We've collected our favorite and most useful resources specific to GSoC here.
You want to take a look at the Program Frequently Asked Questions each year to make sure you have a good idea of the rules for the program. There's a wealth of information included in the FAQs each year, even for experienced participants. You can always find the latest information, including a link to the FAQs, at http://code.google.com/soc/.
Additionally, these resources are quite helpful:
Program IRC Channel
Several knowledgeable folks hang out in #gsoc on Freenode and would be happy to give you a pointer in the right direction.
You can find material related to GSoC on the Google Open Source Blog at http://google-opensource.blogspot.com/search/label/gsoc. Your project may have a blog or newsletter where GSoC information was published in the past, as well.
If you're looking for advice for mentors or students, program promotional materials, presentations about GSoC, etc., start with the knowledge basehttp://code.google.com/p/google-summer-of-code/, particularly the wikihttp://code.google.com/p/google-summer-of-code/wiki/WikiStart.
List of Organizations
Each year, the community creates a list of categorized list of mentoring organizations. You can find it linked from the Knowledge Base: Advice for Students page.
There are four program mailing lists.
Announcement Only List
For announcements from Google's program administrators only. Used infrequently.
Program Discussion List
Open subscription list for the program. General talk about the program, light traffic except during the launch phase of the program each year. Typically this list is not hugely relevant except just prior to the announcement of accepted organizations and accepted students, as neither organizations nor students have access to the private lists until acceptance unless they have previously participated in the program. It is always excellent for you to stop by and encourage a newbie, though, so please don't totally ignore this list.
Private, invite-only list; students are subscribed to the list soon after they are accepted into GSoC. Successful student participants from previous years and students currently working on GSoC are subscribed to this list. Students who are dropped from the program are also removed from the list. While this list is supposed to give students a private place to discuss anything and everything so they aren't worried about looking silly elsewhere, more often than not the list traffic is mostly discussions of tracking numbers for shipments, tax forms and grumbles about t-shirt loss.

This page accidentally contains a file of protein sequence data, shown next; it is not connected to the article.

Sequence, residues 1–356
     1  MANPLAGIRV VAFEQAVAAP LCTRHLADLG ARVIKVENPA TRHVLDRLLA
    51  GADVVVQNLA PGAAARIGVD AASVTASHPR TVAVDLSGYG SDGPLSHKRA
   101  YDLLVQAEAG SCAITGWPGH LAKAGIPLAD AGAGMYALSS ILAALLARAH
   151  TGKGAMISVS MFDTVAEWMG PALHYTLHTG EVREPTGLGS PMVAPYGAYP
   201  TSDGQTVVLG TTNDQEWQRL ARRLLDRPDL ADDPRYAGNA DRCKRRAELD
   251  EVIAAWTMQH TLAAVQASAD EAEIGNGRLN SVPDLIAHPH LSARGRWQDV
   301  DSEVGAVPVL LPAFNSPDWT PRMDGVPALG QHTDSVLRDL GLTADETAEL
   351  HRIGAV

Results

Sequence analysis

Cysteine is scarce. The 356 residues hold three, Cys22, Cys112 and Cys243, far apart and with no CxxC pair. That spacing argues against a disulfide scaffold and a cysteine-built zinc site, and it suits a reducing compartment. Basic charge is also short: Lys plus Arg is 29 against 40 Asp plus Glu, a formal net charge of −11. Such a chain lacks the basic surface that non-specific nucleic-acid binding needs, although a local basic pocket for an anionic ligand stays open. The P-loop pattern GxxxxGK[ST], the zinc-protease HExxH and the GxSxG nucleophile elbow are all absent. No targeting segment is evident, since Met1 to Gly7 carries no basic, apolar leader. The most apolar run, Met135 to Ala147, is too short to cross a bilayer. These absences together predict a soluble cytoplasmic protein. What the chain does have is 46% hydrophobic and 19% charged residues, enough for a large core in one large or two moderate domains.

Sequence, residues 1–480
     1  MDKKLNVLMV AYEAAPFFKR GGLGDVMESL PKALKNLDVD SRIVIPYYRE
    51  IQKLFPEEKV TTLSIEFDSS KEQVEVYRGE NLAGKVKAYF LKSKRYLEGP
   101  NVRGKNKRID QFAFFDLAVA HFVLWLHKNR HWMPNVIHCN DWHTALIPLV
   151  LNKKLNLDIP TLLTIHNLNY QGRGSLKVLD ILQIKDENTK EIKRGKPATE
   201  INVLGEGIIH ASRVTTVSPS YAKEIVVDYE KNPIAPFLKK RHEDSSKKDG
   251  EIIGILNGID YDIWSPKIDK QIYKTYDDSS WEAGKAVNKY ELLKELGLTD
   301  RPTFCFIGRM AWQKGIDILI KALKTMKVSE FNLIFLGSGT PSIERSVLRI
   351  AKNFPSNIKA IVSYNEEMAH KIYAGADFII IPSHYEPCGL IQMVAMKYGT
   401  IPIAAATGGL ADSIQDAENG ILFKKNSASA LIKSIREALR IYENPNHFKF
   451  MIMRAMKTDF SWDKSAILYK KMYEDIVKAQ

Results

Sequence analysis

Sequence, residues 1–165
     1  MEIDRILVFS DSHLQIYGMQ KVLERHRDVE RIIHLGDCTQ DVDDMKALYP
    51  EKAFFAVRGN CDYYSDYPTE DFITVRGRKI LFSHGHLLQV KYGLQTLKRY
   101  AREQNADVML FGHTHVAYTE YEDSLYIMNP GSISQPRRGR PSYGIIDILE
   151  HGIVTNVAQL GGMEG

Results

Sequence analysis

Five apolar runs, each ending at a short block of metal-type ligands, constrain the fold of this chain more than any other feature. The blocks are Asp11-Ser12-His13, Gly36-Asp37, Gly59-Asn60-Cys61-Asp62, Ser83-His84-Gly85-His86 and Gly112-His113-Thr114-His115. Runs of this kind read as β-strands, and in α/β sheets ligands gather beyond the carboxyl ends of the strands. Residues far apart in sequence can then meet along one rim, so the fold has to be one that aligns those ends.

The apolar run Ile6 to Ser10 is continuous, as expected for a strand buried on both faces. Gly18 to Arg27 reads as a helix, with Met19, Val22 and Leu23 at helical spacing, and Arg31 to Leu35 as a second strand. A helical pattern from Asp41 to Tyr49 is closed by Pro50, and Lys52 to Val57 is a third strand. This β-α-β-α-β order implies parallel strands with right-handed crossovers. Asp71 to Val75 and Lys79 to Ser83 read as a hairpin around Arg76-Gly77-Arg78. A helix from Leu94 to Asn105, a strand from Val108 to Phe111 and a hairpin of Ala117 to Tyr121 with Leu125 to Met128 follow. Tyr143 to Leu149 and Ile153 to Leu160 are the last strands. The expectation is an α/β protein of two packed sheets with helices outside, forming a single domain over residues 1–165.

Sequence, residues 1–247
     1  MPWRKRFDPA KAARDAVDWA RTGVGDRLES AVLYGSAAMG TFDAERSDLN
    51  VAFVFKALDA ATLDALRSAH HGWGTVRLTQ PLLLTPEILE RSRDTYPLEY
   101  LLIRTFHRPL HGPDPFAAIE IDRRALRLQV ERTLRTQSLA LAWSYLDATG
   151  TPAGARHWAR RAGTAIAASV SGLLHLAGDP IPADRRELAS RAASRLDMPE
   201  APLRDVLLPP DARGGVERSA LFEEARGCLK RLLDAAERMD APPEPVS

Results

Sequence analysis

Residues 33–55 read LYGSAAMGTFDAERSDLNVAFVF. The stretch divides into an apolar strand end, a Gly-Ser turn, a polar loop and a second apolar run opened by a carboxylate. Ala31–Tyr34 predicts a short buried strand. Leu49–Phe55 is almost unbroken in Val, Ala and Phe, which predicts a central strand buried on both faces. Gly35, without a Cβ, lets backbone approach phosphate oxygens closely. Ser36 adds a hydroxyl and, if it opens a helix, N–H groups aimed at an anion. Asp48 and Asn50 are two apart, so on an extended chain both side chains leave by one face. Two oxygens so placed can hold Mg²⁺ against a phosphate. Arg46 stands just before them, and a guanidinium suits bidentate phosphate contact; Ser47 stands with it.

Private, invite-only list; mentors are subscribed to the list after their organization is accepted into the program and they register as mentors in the GSoC online system. This list is higher traffic at the beginning of the program and around the times of evaluations. Some great advice can be found on this list and in the archives, but it can also be noisy at times.
Producing Open Source
Written by Karl Fogel. Excellent guide to Open Source development. Its available free online.
Google Summer of Code Mentors Guide
Google Summer of Code Students Guide
Teaching Open Source
by Karsten Wade
Teaching Open Source
irc : freenode #teachingopensource
What to Do When the Unexpected Happens?
- Contact your Mentor. He or she can help you figure out what to do next or contact Google for more help.
- Contact the Org Admin.
- Talk to Google's Program Administrators. They have plenty of experience with all the corner cases and strange issues that can arise during GSoC. Email firstname.lastname@example.org for help if you can't find one of the program admins in #gsoc on Freenode.